On Thursday, Kyodo News reported that 30 years to the day of the US closing her largest overseas military base in Subic Bay, Philippines, the Pentagon would be reestablishing a foothold there.
Subic Bay is on the west coast of the Philippine island of Luzon on the South China Sea and could be the front line for any future conflict with China in the region.
The Philippines is one of the US’ largest non-NATO military allies, and under the framework of the Enhanced Defense Cooperation Agreement (EDCA), Manila and Washington are in talks to construct 5 additional military installations, and organize a pre-positioning of weapons on the island.
By 1990, the former Subic Bay Naval Base had grown to be 262 square miles, the same size as Singapore, and was the largest overseas base on Earth. On any given day, 30 combat and military supply vessels might be found there.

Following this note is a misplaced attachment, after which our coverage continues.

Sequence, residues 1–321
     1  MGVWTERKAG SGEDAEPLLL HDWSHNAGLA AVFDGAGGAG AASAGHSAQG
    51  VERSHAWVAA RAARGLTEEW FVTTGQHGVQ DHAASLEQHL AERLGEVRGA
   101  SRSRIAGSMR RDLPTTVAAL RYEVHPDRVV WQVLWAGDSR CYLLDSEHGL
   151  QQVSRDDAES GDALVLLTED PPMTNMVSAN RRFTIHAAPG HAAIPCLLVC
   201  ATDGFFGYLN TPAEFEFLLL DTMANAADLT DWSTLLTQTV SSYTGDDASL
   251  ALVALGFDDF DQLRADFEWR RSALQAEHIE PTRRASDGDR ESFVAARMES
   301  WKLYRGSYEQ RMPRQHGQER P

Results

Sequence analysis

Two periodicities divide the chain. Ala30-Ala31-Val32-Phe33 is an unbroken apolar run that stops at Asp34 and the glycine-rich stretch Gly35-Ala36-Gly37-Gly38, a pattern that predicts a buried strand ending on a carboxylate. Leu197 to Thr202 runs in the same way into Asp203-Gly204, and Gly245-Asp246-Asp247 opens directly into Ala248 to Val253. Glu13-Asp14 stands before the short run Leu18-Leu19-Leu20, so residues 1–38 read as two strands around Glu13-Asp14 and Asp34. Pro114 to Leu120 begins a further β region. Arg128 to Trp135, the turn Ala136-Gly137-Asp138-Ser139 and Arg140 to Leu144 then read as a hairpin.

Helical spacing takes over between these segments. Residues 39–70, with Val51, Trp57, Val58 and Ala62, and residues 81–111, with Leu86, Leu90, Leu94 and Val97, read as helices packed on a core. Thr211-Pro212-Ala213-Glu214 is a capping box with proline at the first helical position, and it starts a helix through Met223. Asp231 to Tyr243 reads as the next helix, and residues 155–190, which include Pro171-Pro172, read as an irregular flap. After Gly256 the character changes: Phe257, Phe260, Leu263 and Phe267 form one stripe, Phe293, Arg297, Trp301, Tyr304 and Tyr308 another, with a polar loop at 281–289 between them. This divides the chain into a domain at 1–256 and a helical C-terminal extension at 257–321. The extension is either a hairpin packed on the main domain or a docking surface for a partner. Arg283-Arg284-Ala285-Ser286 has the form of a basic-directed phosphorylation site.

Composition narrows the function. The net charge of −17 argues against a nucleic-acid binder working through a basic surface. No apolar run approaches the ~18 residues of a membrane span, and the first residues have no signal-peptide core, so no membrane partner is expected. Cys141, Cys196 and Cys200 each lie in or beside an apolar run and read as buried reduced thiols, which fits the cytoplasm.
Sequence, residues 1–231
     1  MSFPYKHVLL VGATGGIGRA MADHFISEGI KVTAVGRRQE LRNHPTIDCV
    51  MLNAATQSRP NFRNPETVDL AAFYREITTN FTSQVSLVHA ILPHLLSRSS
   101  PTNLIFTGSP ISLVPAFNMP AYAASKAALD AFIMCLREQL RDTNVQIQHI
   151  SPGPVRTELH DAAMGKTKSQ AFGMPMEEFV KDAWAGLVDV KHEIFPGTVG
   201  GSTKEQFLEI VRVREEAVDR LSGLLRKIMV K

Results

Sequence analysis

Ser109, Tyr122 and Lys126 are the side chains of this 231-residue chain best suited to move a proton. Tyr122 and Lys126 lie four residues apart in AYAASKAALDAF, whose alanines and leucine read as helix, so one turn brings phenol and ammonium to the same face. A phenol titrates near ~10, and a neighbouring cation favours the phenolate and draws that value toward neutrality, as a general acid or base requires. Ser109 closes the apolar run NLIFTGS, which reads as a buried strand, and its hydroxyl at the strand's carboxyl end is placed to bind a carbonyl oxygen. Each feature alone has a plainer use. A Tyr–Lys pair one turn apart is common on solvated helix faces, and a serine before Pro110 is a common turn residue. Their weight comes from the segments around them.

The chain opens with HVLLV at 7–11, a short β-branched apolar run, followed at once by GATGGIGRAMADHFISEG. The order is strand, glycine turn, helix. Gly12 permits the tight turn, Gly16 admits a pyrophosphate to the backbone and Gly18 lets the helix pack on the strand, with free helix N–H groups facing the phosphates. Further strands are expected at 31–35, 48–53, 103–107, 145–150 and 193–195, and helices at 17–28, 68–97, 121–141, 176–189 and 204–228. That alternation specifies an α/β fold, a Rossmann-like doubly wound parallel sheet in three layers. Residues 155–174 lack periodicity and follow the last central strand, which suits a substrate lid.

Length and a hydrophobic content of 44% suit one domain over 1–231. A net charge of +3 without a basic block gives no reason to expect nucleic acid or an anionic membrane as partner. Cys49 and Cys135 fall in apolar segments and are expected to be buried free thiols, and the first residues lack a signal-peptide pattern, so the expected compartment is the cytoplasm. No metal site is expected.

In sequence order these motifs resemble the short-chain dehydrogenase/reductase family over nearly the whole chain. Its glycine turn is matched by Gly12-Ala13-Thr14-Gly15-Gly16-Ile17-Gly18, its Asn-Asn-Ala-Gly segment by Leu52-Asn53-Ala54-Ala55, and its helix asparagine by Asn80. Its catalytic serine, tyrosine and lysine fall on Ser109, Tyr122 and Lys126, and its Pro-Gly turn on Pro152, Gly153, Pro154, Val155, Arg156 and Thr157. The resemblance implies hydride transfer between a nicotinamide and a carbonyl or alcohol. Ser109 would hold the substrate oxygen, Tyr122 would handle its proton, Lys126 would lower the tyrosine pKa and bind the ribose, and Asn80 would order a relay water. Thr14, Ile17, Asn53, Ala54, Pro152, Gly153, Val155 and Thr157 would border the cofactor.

Since its closing 30 years ago, Subic Bay has become a bustling free port of 150,000 people, all of which operate in the geopolitical spider’s web of the South China Sea.
The decision follows an incident where a Chinese Coast Guard rigid hull inflatable boat approached a Philippine naval ship that was towing debris back to the island of Thiton, a contested island currently held by the Philippines. The Chinese ship tried twice to block the latter’s passage before cutting the tow rope and making off with the object.
Chinese officials stated instead that the debris, which reports said appeared to be Chinese rocket parts, was negotiated amicably between the vessels.
These sorts of flashpoints highlight the extreme sensitivity of the region, why the US might want to expand its presence there under the military treaty they have with the Philippines, and why the current escalatory policies of the Biden Administration, building on those established under former-President Trump, are so dangerous.